Posted on Thursday, April 30th, 2015 by Angie Han
The title “The Forever War” might was well refer to the process of getting the movie made. An adaptation of Joe Haldeman’s 1974 sci-fi novel has been in the works for many years, but now it finally seems to be taking a big step forward.
A bidding war has broken out among major studios for the movie, which has Channing Tatum attached to star, Jon Spaihts (Prometheus, Doctor Strange) on board to write, and Roy Lee (The Lego Movie) set to produce. Get the latest details on the Forever War movie after the jump.
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One of the many projects that Ridley Scott has had in development is based on Joe Haldeman‘s novel The Forever War.
This one has been in the works for a while, with David Webb Peoples (Blade Runner, Unforgiven, 12 Monkeys) writing a few drafts. But now Peoples has been supplanted by Dante Harper. This might actually be a good thing. Why? Because the book revolves around a soldier who is fighting a war against a distant alien race . The enemies are so far away, that soldiers sent out to fight may spend a year in transit and battle, but, due to the mechanics of faster than light travel, return home to an Earth that has aged decades. The time-displaced soldier re-enlists, and ends up spending centuries of Earth time at war in space.
It’s a great concept, and here’s where Harper comes in: he wrote the prime draft of All You Need is Kill, in which a soldier relives the same day of battle many times, and gradually improves his skills as he does so, like a video game player going through the same level over and over. The similarity is pretty evident, I think, and is likely part of the reason Harper is now penning a new draft. Read More »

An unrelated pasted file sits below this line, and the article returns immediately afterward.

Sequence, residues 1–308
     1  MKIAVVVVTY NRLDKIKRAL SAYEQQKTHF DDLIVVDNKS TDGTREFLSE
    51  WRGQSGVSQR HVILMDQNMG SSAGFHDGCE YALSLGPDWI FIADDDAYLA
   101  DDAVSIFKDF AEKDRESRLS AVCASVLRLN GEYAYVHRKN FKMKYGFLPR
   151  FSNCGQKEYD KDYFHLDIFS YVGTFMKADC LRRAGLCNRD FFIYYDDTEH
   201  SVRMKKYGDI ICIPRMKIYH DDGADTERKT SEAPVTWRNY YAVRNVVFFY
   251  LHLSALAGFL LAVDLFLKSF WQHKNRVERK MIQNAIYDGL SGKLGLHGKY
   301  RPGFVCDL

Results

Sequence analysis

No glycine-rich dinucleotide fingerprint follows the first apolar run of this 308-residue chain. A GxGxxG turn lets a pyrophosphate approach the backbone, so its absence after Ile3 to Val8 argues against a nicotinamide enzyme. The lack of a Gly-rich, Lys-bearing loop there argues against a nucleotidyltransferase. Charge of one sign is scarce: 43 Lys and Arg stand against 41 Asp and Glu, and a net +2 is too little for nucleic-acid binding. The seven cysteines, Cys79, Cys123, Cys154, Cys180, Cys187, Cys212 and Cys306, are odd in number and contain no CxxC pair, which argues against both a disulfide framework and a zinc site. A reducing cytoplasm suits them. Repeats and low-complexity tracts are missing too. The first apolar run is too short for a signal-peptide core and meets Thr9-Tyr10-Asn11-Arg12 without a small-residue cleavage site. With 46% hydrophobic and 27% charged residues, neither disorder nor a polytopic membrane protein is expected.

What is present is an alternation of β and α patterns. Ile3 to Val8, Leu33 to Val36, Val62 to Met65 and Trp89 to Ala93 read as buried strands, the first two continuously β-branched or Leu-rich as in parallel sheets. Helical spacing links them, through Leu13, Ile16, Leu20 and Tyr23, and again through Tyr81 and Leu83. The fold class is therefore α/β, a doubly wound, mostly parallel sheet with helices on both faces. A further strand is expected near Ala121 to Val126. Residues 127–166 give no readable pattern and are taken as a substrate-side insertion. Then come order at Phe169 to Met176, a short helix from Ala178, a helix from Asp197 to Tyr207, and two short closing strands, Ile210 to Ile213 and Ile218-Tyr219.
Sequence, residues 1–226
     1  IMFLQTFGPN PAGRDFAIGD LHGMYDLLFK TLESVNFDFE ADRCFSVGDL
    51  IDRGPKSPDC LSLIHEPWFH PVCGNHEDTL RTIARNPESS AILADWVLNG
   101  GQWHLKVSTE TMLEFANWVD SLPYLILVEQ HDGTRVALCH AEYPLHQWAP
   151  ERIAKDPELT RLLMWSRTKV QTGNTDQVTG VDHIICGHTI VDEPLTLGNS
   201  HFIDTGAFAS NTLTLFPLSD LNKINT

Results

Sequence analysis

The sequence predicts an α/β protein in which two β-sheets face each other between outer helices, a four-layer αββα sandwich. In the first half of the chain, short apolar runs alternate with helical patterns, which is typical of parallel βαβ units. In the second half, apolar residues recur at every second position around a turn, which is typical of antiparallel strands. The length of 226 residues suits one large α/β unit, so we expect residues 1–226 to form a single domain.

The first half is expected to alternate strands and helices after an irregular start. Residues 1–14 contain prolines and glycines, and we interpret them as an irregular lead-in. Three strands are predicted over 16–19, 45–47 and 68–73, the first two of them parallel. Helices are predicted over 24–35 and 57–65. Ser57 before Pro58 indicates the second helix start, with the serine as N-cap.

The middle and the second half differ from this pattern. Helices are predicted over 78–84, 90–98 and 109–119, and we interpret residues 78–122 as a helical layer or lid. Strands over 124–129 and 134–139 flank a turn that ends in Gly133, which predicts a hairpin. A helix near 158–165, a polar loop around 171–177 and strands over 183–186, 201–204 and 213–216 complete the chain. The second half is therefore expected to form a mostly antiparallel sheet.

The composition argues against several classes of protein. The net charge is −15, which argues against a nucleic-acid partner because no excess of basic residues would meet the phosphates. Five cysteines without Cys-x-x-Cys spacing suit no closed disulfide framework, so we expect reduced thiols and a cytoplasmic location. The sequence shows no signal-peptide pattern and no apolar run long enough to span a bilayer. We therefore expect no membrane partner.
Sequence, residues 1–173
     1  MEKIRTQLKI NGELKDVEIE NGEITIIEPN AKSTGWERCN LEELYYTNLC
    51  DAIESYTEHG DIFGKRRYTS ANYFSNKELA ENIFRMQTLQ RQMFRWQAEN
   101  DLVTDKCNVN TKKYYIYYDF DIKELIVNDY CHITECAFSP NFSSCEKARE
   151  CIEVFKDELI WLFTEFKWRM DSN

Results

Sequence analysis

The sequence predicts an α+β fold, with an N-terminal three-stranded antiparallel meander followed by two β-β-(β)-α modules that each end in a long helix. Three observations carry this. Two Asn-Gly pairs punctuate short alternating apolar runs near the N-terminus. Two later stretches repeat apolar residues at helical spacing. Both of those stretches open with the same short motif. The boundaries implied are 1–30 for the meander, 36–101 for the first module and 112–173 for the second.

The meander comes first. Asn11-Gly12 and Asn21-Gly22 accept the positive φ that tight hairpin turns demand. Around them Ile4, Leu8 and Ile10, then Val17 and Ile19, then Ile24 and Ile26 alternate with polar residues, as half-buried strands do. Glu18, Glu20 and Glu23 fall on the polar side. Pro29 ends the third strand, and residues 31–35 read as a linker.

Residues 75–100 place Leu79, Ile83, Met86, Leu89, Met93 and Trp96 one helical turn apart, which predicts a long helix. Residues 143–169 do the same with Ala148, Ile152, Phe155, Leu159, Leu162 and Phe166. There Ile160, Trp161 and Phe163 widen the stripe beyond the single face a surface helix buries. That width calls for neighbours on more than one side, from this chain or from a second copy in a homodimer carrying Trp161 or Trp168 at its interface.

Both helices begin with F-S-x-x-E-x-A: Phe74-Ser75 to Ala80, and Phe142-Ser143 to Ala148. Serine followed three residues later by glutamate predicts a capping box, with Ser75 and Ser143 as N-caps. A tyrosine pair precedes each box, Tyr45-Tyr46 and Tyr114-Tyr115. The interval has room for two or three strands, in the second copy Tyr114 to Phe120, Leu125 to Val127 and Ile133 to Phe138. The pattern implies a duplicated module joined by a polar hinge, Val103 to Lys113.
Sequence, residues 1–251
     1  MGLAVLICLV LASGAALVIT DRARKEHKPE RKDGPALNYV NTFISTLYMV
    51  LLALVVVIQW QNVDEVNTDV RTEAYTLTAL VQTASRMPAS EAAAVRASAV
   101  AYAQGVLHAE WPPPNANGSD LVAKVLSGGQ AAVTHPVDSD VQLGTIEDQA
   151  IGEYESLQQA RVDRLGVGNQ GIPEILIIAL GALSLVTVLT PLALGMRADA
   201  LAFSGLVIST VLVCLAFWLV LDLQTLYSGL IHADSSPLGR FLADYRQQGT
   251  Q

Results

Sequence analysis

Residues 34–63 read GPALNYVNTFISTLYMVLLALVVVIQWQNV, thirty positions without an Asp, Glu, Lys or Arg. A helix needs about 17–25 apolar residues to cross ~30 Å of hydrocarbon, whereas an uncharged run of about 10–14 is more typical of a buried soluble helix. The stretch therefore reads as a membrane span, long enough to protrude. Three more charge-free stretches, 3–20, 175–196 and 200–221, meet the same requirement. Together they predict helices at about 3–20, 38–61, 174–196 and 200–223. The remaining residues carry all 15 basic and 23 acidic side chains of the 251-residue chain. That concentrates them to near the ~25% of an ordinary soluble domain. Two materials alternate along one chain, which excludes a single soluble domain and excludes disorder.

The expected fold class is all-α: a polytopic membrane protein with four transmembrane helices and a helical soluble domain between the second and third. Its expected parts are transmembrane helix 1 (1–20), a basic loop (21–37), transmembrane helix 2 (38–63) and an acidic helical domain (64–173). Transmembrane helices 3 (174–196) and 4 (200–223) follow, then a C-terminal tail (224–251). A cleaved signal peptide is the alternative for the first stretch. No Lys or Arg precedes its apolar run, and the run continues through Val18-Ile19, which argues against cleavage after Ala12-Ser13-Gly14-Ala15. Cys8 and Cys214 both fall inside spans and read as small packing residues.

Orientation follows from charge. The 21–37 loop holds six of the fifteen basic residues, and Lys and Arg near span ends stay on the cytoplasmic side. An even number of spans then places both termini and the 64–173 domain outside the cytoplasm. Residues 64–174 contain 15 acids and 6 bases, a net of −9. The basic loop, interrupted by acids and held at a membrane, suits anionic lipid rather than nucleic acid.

Ridley Scott is planning to return to the science fiction genre for the first time since Blade Runner and Alien. Fox 2000 has acquired the rights to Joe Haldeman‘s 1974 novel The Forever War, which won both the 1975 Nebula Award and the 1976 Hugo Award.
The book tells the story of an interstellar war between humanity and the mysterious Tauran species, and deals with themes of the inhumanity of war and the results of time dilation space travel. The novel is also widely perceived to be based on the author’s military service during the Vietnam War. The plot description from the books cover follows:
“Private William Mandella is a hero in spite of himself — a reluctant conscript drafted into an elite military unit, and propelled through space and time to fight in a distant thousand-year conflict. He never wanted to go to war, but the leaders on Earth have drawn a line in the interstellar sand — despite the fact that their fierce alien enemy is unknowable, unconquerable, and very far away. So Mandella will perform his duties without rancor and even rise up through the military’s ranks . . . if he survives. But the true test of his mettle will come when he returns to Earth. Because of the time dilation caused by space travel the loyal soldier is aging months, while his home planet is aging centuries — and the difference will prove the saying: you never can go home. . .”
The war lasts about seven centuries while he only ages about 10 years. So imagine Flight of the Navigator to the 70th degree. The novel spawned two and a half sequels, Forever Free, Forever Peace and the novella A Seperate War (which is set parallel to Forever War). It is not known if Scott has intentions of creating a franchise, I would guess probably not.
It is also unclear when Scott will find time to tackle Forever War. I would assume that Scott will get Nottingham into production before a screenplay is completed. The concept of the book feels like a ig idea sci-fi film that would have been produced in the 1970’s. According to Variety, Scott has wanted to direct a big screen adaptation of Forever War for the last 25 years, but complications with rights holders delayed that from happening until now.
“I first pursued ‘Forever War’ 25 years ago, and the book has only grown more timely and relevant since,” Scott told the trade. “It’s a science-fiction epic, a bit of ‘The Odyssey’ by way of ‘Blade Runner,’ built upon a brilliant, disorienting premise.”